Market Snapshot, Noon CT (VIP) -- May 8, 2013

May 8, 2013 07:12 AM
 

Corn futures continue to post losses of roughly 3 to 7 cents at midday.

  • Traders continue to view the weather as positive for corn planting and thus are not concerned about the showers moving into the western Corn Belt currently. A favorable weather outlook has traders looking past the near-term showers.
  • China has announced it will raise the state-set purchasing price for corn to encourage farmers to plant more acres to corn. Traders view an increase in China planted acreage as bearish to potential purchases from the U.S.
  • Ethanol production fell 1.6% last week to 843,000 barrels per day. Ethanol stocks also fell 200,000 barrels to 16.8 million barrels last week -- the lowest level since late 2011.
  • Traders expect USDA to trim its old-crop carryover estimate by 3 million bu. from last month to 754 million bu. in its May Supply & Demand Report due out Friday. The trade looks for new-crop carryover at 1.973 billion bushels.
  • Gulf basis is unchanged for May through August delivery a penny higher for September delivery mid-morning.

 

Soybean futures have backed off from their double-digit gains in old-crop contracts (except the soon-to-expire May contract), with the July contract up 5 cents. New-crop is mostly 3 to 6 cents lower.

  • News from Reuters that Paraguayan and Brazilian soybeans are set to be shipped to the United States is pressuring prices. The report indicates three ships may be headed to the U.S.
  • New-crop contracts are receiving support from easing worries about a large shift of corn acres to soybeans due to delayed planting.
  • The market is also benefiting from ongoing signs of solid export demand for a small supply of soybeans. Traders expect USDA to trim its 2012-13 soybean carryover peg by 1 million bu. to 124 million bu. Friday.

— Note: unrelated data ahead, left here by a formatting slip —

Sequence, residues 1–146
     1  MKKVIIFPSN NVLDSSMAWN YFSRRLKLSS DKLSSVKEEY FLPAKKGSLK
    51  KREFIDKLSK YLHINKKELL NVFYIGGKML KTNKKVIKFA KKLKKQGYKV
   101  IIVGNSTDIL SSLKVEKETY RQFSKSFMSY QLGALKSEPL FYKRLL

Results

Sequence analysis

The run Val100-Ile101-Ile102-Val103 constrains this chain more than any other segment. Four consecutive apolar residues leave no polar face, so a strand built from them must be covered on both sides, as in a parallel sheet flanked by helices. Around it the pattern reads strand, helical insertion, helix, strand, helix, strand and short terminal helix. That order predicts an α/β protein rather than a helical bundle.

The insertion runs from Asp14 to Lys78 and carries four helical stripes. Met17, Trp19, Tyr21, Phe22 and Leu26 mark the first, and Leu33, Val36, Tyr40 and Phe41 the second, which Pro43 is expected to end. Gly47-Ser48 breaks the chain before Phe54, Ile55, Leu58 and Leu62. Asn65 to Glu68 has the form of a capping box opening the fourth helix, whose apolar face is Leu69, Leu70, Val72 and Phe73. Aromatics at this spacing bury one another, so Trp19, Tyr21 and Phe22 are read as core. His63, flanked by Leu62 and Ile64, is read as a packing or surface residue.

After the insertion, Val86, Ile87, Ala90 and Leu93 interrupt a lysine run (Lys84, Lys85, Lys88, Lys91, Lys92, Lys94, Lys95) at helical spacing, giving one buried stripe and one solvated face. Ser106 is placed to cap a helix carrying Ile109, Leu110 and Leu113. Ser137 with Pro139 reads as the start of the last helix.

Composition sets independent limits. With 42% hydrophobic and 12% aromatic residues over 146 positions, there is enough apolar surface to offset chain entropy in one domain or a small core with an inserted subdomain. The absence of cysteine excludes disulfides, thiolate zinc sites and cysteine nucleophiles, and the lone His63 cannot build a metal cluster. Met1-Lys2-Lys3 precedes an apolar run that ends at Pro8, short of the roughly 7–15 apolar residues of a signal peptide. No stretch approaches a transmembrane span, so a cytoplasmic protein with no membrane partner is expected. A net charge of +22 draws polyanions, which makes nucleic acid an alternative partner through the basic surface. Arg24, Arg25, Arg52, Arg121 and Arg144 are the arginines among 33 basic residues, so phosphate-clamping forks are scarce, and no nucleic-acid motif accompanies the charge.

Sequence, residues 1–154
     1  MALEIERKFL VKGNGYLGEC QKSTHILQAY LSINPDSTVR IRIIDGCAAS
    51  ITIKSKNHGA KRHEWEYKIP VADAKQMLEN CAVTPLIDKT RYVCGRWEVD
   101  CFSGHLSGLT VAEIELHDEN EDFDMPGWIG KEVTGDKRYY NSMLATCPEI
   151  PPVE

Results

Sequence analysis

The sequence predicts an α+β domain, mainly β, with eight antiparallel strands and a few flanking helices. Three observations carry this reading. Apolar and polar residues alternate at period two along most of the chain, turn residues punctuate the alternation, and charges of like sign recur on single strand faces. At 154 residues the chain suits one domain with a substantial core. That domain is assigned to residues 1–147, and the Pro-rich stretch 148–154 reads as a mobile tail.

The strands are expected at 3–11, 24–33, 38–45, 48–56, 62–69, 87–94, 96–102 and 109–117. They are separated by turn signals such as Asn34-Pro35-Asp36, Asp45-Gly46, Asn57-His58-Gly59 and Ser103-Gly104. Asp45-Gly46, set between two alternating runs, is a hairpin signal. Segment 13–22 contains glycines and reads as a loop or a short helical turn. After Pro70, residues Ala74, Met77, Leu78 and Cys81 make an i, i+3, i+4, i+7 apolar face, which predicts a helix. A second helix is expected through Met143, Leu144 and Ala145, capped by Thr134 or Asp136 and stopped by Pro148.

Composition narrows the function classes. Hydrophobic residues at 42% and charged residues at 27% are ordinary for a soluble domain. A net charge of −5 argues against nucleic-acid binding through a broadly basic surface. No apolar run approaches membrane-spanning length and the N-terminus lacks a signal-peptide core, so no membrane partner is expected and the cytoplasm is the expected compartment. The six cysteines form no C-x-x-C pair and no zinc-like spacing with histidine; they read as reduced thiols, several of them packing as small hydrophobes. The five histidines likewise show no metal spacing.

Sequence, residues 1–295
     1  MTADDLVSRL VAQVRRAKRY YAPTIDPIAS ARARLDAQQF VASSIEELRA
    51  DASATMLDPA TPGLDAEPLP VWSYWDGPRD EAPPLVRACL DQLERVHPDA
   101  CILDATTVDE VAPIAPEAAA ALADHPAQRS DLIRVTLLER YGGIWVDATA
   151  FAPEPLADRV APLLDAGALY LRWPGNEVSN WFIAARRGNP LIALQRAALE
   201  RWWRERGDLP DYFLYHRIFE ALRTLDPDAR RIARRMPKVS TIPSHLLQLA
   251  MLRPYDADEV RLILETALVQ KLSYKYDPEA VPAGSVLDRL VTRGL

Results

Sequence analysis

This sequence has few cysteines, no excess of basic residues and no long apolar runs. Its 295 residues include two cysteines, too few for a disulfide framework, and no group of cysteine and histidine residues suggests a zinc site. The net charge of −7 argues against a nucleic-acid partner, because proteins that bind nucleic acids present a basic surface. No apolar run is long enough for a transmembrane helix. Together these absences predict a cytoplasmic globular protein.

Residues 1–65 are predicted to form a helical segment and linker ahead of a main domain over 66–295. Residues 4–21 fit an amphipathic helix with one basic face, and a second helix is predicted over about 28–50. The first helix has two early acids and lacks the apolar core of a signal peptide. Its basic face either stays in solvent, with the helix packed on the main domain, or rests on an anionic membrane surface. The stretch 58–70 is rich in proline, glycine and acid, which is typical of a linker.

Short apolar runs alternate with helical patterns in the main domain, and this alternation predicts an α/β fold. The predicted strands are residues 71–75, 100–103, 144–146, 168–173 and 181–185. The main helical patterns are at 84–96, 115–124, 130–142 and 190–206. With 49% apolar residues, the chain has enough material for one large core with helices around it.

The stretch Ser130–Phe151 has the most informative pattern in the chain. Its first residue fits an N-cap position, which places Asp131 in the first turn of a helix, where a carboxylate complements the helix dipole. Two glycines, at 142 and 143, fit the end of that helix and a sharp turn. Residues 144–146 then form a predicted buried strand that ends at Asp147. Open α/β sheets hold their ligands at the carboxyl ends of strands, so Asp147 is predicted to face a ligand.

• Also, USDA announced a 115,000 MT daily bean sale to China for 2013-14.
  • The market expects USDA to project 2013-14 carryover to rebound to 239 million bu., which is limiting buying interest in new-crop futures.
  • According to custom's data, China imported 3.98 MMT of soybeans in April, up 3.6% from March but 18.4% below year-ago.

 

Wheat futures are roughly 4 to 5 cents lower in Chicago while Kansas City and Minneapolis are seeing slightly lighter losses.

  • Spillover from corn continues to weigh on the wheat market.
  • The Northern Plains are expected to miss out on this week's precip event and mild conditions are currently in effect. Thus, traders expect advances in spring wheat planting.
  • Rain is also falling in the Central Plains today, and more is expected for winter wheat country. This is pressuring the wheat market.
  • The market is brushing off news UkrAgroConsult trimmed its 2013 Ukraine wheat crop forecast from 20.87 MMT to 20.16 MMT.

 

Live cattle futures are lower in 2013 contracts despite a surge to a record Choice boxed beef price. Feeder cattle are mostly moderately lower.

  • Choice boxed beef values surged $3.26 this morning to a new record high of $204.45 wiping out the previous high of $201.68 posted Friday. Select values also firmed 62 cents and movement was solid at 111 loads.
  • But traders remain worried that record-high prices beef will be resisted by consumers. They view the slippage in boxed beef prices and movement earlier this week as confirmation of their concerns.
  • The strength in boxed beef prices may give feedlots an advantage in this week's cash negotiations. But countering this are heavier showlist estimates this week.
  • Last week, cash trade took place at mostly $128 to $130, and some light sales took place at $126 in Texas and $127 in Iowa yesterday. Nearby futures are well below these prices.
  • The same worries over beef demand and recent technical damage are pressuring feeder cattle futures.

 

Lean hog futures are enjoying slight to moderate gains.

  • Lean hog futures are higher on unexpected strength in cash hog bids. That suggests supplies are tighter than thought and packers are not as well supplied as earlier thought.
  • Average hog weights in Iowa and southern Minnesota fell 1.2 lbs. the week ended May 4.
  • Performance in the pork cutout value recently has signaled a slowdown in purchases for Memorial Day.
  • But this morning, movement surged to 307.4 loads after a 47-cent decline in the pork cutout value.
  • Buying interest in nearby contracts is being limited by the roughly $2.50 premium they still hold to the cash hog index, though this has substantially narrowed in recent sessions.
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